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              Is Open Access

              A systematic review of evidence for the added benefits to health of exposure to natural environments

              Background There is increasing interest in the potential role of the natural environment in human health and well-being. However, the evidence-base for specific and direct health or well-being benefits of activity within natural compared to more synthetic environments has not been systematically assessed. Methods We conducted a systematic review to collate and synthesise the findings of studies that compare measurements of health or well-being in natural and synthetic environments. Effect sizes of the differences between environments were calculated and meta-analysis used to synthesise data from studies measuring similar outcomes. Results Twenty-five studies met the review inclusion criteria. Most of these studies were crossover or controlled trials that investigated the effects of short-term exposure to each environment during a walk or run. This included 'natural' environments, such as public parks and green university campuses, and synthetic environments, such as indoor and outdoor built environments. The most common outcome measures were scores of different self-reported emotions. Based on these data, a meta-analysis provided some evidence of a positive benefit of a walk or run in a natural environment in comparison to a synthetic environment. There was also some support for greater attention after exposure to a natural environment but not after adjusting effect sizes for pretest differences. Meta-analysis of data on blood pressure and cortisol concentrations found less evidence of a consistent difference between environments across studies. Conclusions Overall, the studies are suggestive that natural environments may have direct and positive impacts on well-being, but support the need for investment in further research on this question to understand the general significance for public health.
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                Author and article information

                Journal
                Environ Health Perspect
                Environ. Health Perspect
                EHP
                Environmental Health Perspectives
                Environmental Health Perspectives
                0091-6765
                1552-9924
                31 July 2017
                July 2017
                : 125
                : 7
                Affiliations
                [ 1 ]Department of Environmental and Occupational Health Sciences, School of Public Health, University of Washington , Seattle, Washington, USA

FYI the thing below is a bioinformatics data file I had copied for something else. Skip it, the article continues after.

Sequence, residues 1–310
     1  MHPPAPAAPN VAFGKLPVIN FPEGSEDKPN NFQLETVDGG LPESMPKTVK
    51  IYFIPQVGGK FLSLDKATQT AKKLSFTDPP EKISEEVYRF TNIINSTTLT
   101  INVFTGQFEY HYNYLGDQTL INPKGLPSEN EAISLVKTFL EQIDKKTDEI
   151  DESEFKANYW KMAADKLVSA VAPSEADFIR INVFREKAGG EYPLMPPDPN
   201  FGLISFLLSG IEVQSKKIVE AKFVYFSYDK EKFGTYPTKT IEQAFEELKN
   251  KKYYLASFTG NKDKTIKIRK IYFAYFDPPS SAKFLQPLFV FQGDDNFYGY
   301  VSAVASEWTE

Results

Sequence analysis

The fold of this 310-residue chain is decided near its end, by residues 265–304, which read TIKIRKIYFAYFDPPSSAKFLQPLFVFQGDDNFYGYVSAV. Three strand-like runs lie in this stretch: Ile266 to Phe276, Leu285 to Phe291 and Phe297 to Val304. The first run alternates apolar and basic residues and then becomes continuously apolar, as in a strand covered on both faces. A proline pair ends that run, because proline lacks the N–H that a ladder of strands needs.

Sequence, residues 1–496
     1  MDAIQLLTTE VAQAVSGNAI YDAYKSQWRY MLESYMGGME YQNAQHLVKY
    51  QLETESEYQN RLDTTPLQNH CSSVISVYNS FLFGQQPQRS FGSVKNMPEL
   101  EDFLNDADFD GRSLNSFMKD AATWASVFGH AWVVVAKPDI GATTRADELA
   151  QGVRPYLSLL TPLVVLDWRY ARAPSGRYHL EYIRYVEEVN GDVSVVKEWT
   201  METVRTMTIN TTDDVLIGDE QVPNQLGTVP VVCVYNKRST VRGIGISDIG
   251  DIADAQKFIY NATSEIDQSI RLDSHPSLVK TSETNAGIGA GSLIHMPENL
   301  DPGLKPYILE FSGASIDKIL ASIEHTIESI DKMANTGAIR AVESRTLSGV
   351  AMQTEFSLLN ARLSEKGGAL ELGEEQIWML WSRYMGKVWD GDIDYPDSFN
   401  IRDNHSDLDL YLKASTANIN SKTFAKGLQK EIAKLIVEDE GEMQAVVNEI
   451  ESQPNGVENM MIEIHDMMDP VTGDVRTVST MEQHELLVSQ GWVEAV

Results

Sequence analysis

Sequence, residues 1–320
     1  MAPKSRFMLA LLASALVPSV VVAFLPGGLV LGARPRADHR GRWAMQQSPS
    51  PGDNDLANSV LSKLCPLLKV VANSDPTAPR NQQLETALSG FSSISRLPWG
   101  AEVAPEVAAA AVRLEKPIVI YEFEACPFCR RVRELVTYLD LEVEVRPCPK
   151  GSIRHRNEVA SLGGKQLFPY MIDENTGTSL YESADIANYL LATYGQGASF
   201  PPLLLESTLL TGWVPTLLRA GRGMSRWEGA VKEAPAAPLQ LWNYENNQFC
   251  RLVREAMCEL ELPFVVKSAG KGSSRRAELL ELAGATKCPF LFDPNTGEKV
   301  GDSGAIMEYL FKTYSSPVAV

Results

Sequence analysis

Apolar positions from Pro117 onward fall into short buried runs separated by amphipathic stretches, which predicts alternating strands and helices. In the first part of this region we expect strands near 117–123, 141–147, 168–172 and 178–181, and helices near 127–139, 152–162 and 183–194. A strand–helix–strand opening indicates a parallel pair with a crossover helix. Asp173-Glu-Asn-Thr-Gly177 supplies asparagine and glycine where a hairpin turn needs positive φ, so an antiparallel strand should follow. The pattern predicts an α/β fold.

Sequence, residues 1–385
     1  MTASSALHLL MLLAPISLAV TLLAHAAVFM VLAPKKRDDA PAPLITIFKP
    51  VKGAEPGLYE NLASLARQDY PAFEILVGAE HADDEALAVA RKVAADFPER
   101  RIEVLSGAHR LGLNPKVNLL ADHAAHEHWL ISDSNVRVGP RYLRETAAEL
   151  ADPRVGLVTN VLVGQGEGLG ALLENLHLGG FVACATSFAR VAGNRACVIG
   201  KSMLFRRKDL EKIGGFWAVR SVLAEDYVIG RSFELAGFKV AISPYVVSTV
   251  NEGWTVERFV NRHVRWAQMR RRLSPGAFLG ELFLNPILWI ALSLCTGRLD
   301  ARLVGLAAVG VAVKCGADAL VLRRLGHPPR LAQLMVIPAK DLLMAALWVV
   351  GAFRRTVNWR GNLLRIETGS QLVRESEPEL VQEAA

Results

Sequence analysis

[ 2 ]Center for Conservation Biology, Stanford University , Stanford, California, USA
                [ 3 ]Center for Creative Conservation, University of Washington , Seattle, Washington, USA
                [ 4 ]School of Environmental and Forest Sciences, University of Washington , Seattle, Washington, USA
                [ 5 ]Willamette Partnership , Portland, Oregon, USA
                [ 6 ]Department of Psychology, University of Washington , Seattle, Washington, USA
                [ 7 ]The Nature Conservancy , Seattle, Washington, USA
                [ 8 ]Department of Pediatrics, University of Washington School of Medicine , Seattle, Washington, USA
                [ 9 ]Seattle Children’s Hospital , Seattle, Washington, USA
                [ 10 ]School of Aquatic and Fishery Sciences, University of Washington , Seattle, Washington, USA
                [ 11 ]Department of Chemistry, University of Washington , Seattle, Washington, USA
                [ 12 ] Pacific Northwest Research Station, USDA Forest Service , Seattle, Washington, USA
                [ 13 ]The Natural Capital Project, Stanford University , Stanford, California, USA
                Author notes
                Address correspondence to H. Frumkin, Dept. of Environmental and Occupational Health Sciences, University of Washington School of Public Health, Box 354695, Seattle, WA 98195-4695 USA; Telephone: 206-897-1723; Email: frumkin@ 123456uw.edu
                Article
                EHP1663
                10.1289/EHP1663
                5744722
                28796634

                EHP is an open-access journal published with support from the National Institute of Environmental Health Sciences, National Institutes of Health. All content is public domain unless otherwise noted.